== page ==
In the second quarter of 2024, the Scuola Normale Superiore team investigated the dynamics of transnationalization and diffusion of illiberalism in Europe. The team’s focus was on developing an analytical and theoretical framework for pathways and mechanisms of transnationalization of the illiberal political parties, social movements, and NGOs. The preliminary findings of a dictionary-based content analysis of common frames used by illiberal actors on their Facebook accounts and two separate theoretical articles published by team members have formed the basis of this novel framework. In the meantime, the team conducted a protest event analysis and social network analysis investigating the connection between illiberal actors from different countries, the preliminary findings of which have established a foundation for further exploration of the dynamics of transnationalization processes of illiberalism. While the initial findings offer valuable insights into the linkages between illiberal actors, the ongoing task of archiving events containing interactions between these actors has started to reveal the dynamics of their relationships. The team is also preparing for in-depth interviews with key figures and supporters of various illiberal political parties and movements across Europe. Following initial contact with the potential interviewees, interviews are scheduled to commence this summer.

Meanwhile, the team at the Charles University in Prague concentrated on planning and preparing interventions to assess the impact of illiberal ideologies in specific interaction formats. The team is preparing for the organization of three forums—the Ideological Opponents’ Forum, the Professionals of Democracy Forum, and the Citizens’ Forum—aimed at different stakeholders to facilitate deliberative discussions by defining the criteria for the deliberative processes, preparing recruitment questionnaires, and gathering political and civic data on selected cities considered for the Ideological Opponents’ Forum. The fora will serve to develop policy recommendations and will be supported by an online e-learning platform.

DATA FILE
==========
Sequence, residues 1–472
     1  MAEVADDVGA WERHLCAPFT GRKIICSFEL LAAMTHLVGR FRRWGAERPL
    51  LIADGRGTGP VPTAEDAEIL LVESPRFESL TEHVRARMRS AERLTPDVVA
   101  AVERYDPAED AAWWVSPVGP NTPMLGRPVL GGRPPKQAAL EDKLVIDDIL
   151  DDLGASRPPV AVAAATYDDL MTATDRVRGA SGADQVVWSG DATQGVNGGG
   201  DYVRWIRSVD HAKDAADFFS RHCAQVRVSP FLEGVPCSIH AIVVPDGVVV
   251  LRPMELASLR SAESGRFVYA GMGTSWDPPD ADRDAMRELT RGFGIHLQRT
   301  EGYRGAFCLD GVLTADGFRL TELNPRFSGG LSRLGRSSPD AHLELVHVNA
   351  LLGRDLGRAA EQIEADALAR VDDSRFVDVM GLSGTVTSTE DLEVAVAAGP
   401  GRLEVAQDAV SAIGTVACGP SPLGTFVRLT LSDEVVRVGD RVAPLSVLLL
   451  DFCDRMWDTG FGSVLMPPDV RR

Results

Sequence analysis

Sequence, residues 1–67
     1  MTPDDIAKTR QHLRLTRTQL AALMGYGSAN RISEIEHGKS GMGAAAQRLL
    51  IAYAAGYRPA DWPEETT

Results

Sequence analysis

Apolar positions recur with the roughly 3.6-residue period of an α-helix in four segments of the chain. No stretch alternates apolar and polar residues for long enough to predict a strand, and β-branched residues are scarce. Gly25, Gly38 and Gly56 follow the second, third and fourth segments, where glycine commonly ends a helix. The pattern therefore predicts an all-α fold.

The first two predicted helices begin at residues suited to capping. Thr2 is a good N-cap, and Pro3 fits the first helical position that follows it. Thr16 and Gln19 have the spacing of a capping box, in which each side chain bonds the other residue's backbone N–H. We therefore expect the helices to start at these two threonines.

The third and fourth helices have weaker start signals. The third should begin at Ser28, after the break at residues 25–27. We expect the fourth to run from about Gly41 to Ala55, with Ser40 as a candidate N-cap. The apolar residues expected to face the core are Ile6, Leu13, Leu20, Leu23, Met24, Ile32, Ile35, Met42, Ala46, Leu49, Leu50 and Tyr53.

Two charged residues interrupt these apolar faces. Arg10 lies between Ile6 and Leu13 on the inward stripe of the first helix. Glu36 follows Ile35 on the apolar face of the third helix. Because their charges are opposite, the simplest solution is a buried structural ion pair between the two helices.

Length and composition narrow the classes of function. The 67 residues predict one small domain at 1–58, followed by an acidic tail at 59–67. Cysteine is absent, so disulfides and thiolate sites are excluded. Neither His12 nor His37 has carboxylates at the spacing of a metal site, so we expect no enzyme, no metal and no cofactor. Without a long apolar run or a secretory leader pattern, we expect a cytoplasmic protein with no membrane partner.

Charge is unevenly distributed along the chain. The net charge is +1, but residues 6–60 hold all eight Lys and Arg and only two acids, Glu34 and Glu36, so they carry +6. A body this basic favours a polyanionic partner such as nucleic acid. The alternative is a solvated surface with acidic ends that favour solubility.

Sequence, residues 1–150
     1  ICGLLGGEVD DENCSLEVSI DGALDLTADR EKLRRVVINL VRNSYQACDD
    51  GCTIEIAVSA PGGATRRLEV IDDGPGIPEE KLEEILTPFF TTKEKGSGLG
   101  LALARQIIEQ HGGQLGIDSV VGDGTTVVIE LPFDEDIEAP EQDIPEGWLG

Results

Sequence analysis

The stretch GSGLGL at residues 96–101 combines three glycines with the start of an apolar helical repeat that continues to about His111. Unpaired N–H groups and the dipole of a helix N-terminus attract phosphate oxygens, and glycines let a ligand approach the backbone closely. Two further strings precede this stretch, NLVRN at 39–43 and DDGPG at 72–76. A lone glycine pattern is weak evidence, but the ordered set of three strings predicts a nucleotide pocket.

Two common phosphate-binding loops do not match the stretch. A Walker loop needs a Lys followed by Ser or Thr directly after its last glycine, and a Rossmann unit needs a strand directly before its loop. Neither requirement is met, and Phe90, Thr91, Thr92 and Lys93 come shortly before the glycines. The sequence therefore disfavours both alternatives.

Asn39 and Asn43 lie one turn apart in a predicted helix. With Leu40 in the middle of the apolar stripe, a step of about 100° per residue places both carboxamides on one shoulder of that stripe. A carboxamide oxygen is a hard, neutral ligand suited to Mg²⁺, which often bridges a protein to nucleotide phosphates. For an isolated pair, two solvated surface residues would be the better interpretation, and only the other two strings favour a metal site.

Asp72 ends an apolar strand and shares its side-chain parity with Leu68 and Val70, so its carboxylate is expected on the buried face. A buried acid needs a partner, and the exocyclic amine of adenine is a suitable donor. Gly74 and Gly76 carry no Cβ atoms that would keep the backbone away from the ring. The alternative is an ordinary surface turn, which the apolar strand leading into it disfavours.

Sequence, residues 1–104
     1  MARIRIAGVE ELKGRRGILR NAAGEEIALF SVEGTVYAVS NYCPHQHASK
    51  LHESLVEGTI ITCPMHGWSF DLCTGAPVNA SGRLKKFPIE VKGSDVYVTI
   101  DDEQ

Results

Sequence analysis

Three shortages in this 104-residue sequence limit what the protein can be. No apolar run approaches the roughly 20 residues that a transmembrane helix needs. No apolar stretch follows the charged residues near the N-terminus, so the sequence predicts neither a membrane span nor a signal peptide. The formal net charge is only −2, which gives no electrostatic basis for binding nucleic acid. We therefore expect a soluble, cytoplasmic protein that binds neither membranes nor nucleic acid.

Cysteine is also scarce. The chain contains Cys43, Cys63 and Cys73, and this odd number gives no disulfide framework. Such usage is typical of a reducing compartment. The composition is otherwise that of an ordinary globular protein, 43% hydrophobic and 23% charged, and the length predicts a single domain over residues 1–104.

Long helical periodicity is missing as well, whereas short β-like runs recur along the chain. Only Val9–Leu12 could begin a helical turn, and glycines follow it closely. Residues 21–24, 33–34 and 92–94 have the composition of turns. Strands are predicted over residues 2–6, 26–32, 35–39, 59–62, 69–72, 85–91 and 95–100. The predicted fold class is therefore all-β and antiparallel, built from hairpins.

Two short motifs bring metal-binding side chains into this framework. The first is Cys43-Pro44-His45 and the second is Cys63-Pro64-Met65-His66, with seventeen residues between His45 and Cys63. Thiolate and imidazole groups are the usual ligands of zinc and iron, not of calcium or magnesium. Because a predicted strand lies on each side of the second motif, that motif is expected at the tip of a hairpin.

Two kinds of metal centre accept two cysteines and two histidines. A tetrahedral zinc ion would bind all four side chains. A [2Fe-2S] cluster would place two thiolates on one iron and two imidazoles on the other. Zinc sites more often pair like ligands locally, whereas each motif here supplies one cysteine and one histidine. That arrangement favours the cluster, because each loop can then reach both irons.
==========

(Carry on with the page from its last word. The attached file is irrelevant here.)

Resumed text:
Over the spring, the Central European University team worked on laying the groundwork for a visual platform that will synthesize the AUTHLIB project’s main findings coming from the various work streams on an interactive website where users will be able to visualize data generated by AUTHLIB, as well as upload their own data to be scored along the indicators developed in the project. There has also been considerable progress in the work package assessing the historical manifestations of illiberalism, where a team of historians had their kickoff meeting. They will explore the historical antecedents of current illiberalisms in the 20th century and will present their findings at a workshop in November 2024.

Researchers across teams have been working on publications, many of which will form part of a thematic issue of the Politics and Governance journal titled “Illiberal Politics in Europe”, to be issued next year and will be presented in three panel discussions—“The Transnational Diffusion of Illiberal Politics”, “Autocratic Attitudes and Discourse”, “Illiberal Challenges in Central and Eastern Europe”—at the Council of European Studies Conference in Lyon on 3-5 July.

Over the past quarter, a paper written by Franziska Wagner and Zsolt Enyedi titled “They can do it. Positive Authoritarianism in Poland and Hungary” has been published in the open-access journal Frontiers in Political Science. Dorottya Szikra’s working paper titled Illiberalism and Social Policy: A Four-Country Comparison has been published on the AUTHLIB website, along with a blog post that presents its main findings in a more accessible form. Further articles on the AUTHLIB Blog, managed by the Transatlantic Foundation, covered the polarization underlying the presidential election in Slovakia; how populism and EU-skepticism shape party support for Ukraine; what impact the European Parliament elections has on the EU’s democracy and rule of law agenda; the creeping influence of the radical right in the EU and the emergence of a new cleavage around the center’s cooperation with it; and the role of state-funded disinformation campaigns in Hungary’s elections.